By: Spencer Israel
From Feb. 24-25, stocks endured their worst two-day stretch in recent memory. That selling pressure turned the major market indices red on the year, and injected real fear into the market for the first time since the last quarter of 2018.
The fear was caused by the continued spread of novel coronavirus. In addition to many companies warning about the impact the contagion will have on future business, authorities are now advising the public to brace for a potential pandemic in the U.S.
According to data compiled by researchers at Johns Hopkins, there are now more than 80,000 confirmed cases of the COVID-19 virus around the globe, with 77,600 of those cases in mainland China. However, an increased number of cases in South Korea, Italy, the Middle East, and even the U.S. in recent days has stoked fears that the virus has not yet been contained.
“The disruption of daily life might be severe,” said Nancy Messonnier, director of the National Center for Immunization and Respiratory Diseases at the Centers for Disease Control and Prevention in a conference call on Tuesday.
For many retail investors, that worry was compounded by technological failures. Clients of several major retail brokers complained on social media of slow connectivity, incorrect information displays, and of being locked out of their accounts during the most volatile day of 2020. In all, at least three brokerages reported outages of some kind amidst the increased volume activity.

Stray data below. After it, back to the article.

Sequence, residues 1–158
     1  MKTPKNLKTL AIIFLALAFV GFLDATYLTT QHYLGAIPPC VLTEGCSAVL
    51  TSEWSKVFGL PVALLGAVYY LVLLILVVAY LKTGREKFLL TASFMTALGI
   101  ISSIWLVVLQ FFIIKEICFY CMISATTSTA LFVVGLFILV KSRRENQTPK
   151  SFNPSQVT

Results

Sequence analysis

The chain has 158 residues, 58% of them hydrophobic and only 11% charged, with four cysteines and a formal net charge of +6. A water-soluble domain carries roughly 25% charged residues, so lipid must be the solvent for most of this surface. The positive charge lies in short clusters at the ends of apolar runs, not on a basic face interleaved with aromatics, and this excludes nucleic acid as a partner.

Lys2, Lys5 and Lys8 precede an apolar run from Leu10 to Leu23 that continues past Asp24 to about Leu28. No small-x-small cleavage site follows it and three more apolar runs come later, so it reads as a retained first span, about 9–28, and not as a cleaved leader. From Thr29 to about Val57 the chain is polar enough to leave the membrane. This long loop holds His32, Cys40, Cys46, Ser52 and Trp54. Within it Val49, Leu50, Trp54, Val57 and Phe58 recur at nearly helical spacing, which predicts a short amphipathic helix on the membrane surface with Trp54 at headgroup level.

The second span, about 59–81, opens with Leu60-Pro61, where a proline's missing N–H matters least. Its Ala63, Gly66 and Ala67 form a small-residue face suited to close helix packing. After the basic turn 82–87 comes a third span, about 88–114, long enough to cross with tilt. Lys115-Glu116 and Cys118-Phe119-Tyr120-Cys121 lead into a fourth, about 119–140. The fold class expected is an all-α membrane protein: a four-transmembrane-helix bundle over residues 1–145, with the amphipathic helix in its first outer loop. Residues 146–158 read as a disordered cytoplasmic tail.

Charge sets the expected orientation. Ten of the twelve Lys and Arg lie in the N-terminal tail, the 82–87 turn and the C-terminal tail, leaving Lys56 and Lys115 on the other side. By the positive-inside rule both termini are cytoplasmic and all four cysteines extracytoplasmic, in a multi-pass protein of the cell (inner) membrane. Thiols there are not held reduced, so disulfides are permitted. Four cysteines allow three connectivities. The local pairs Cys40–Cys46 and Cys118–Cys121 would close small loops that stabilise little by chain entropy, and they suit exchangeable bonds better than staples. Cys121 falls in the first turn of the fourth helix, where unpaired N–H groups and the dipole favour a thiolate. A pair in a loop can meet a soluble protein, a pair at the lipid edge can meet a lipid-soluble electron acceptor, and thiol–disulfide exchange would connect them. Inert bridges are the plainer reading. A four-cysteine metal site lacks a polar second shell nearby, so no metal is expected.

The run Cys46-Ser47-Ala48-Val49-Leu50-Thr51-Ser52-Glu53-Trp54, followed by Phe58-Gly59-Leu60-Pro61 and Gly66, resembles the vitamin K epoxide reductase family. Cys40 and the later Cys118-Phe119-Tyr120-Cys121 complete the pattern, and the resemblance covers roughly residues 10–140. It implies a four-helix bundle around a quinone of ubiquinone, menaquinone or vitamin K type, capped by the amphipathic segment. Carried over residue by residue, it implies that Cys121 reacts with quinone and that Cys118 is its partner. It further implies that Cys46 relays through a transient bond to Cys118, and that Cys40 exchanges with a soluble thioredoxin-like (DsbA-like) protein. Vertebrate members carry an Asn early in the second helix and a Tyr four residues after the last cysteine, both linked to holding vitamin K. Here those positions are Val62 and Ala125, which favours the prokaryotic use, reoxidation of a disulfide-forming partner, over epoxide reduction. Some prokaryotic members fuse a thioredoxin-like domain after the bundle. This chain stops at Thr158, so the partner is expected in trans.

In terms of points, it was the third-worst point drop in the history of the Dow Jones Industrial Average. On a percentage basis, the daily losses were the largest seen by the market since February 2018, when concerning economic data spooked investors into a 10% decline over the course of one week.
Interestingly that bout of volatility coincided with some brokerages reporting record amounts of client activity. That increase in activity—including trading, app and site navigations, and server overloads—likely contributed to the outages earlier in the week.
This comes at an interesting time for an industry in the midst of transition. The elimination of trading commissions has fueled retail trading activity, while Charles Schwab’s acquisition of TD Ameritrade and Morgan Stanley’s move to acquire E-Trade has resulted in major consolidation.
Going forward, investors will need to have not just their confidence in the market restored, but confidence in their broker’s technology as well.
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